The mid-1990s UK pop landscape was a strange beast. While indie was busy seamlessly merging into the all-dominating force that was Britpop, the fluffier side of the charts was a peculiar jumble of middle-aged rockers like Meatloaf, novelty nonsense courtesy of Mr Blobby, Rednex, Shaggy and Whigfield, and shiny boy bands in the shape of Take That and East 17. In a pre-Spice Girls world, the closest a 10-year-old girl had to an edgy mainstream role model was the gothic madams of Shakespears Sister, who, quite frankly, gave me way more nightmares than that time I saw 2/3rds of The Omen at a sleepover somewhere in Canonbury. The arrival then of Shampoo, two sneering teenagers from South London with a fondness for plastic jewellery and telling boys to piss off, was a game-changer.
Jacqui Blake and Carrie Askew became friends at school in Plumstead, bonding over their love of Manic Street Preachers. They’d club together to write a fanzine about the band called Last Exit and would end up appearing in the video for the 1992 single, replete in fluffy white faux fur jackets.
Looking like a band long before they’d ever actually become one, it made total sense for the duo to start their own musical project. They claimed that Shampoo was so named after their excuse for turning down dates – because they were busy washing their hair, of course. Their debut single arrived in 1993, a clattering punk-pop trio of songs – ‘Blisters and Bruises’ backed by ‘Paydirt’ and ‘I Love Little Pussy’ – which slipped under the radar in the wake of the tougher riot grrrl sounds emanating out of Brighton’s Huggy Bear and London’s Mambo Taxi.
A rethink was needed but a year later Jacqui and Carrie returned with the glossy genius of ‘Trouble’. A perfect pop song, it was a flashy and brash Roy Lichtenstein painting come to life, all primary colours and giddy excitement delivered by two knowing blonde women in immaculate outfits. It landed them a Number 11 chart placement and the pair duly appeared on Top of the Pops, stood in front of a neon sign bearing their bubblegum pink logo. There were no dance routines and no choreographed cutesiness, but rather power stances, indoor sunglasses and ruby red lipstick that looked like a threat rather than a come-on. In fact, Shampoo had more in common with the likes of Liam Gallagher than they did any other girl groups of the era. The timing was perfect; Oasis had made their Top of the Pops debut a couple of weeks earlier and Shampoo’s nonchalant sass was the perfect pop response to Liam’s confrontational approach.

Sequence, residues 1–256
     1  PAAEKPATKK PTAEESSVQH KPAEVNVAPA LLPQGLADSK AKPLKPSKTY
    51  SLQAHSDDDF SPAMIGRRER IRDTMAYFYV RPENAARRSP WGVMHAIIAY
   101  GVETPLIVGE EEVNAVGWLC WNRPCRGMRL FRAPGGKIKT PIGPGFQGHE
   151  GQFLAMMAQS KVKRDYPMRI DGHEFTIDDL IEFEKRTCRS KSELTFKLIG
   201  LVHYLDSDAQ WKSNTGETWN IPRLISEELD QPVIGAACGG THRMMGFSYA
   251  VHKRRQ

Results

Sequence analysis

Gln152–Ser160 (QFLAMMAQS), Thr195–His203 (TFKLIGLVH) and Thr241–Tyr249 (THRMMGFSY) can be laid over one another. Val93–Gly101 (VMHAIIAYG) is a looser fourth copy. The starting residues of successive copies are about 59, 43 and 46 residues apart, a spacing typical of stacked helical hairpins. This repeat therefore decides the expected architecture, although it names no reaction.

In the summer of 1994, ‘Trouble’ was impossible to escape. When I was let loose in Tammy Girl one memorable afternoon, I was allowed to buy an outfit that I thought made me seem as if I was an auxiliary third member of Shampoo; a pair of tartan trousers and a crop top emblazoned with the words ‘This Bitch Bites Back’ that I’m pretty sure my mum only let me wear around the house. It was enough for me, I was now cool. I got the CD of their debut album, ‘We Are Shampoo’, for my birthday and was delighted to discover that ‘Trouble’ wasn’t their only incredible song. There was a raggedy cover of East 17’s ‘House of Love’, a surprisingly melodic ode to throwing up a kebab in the back of a cab and a banger about Gameboys. A quarter of a century later and I still wish I was in Shampoo. Now, where did I put those tartan trousers…
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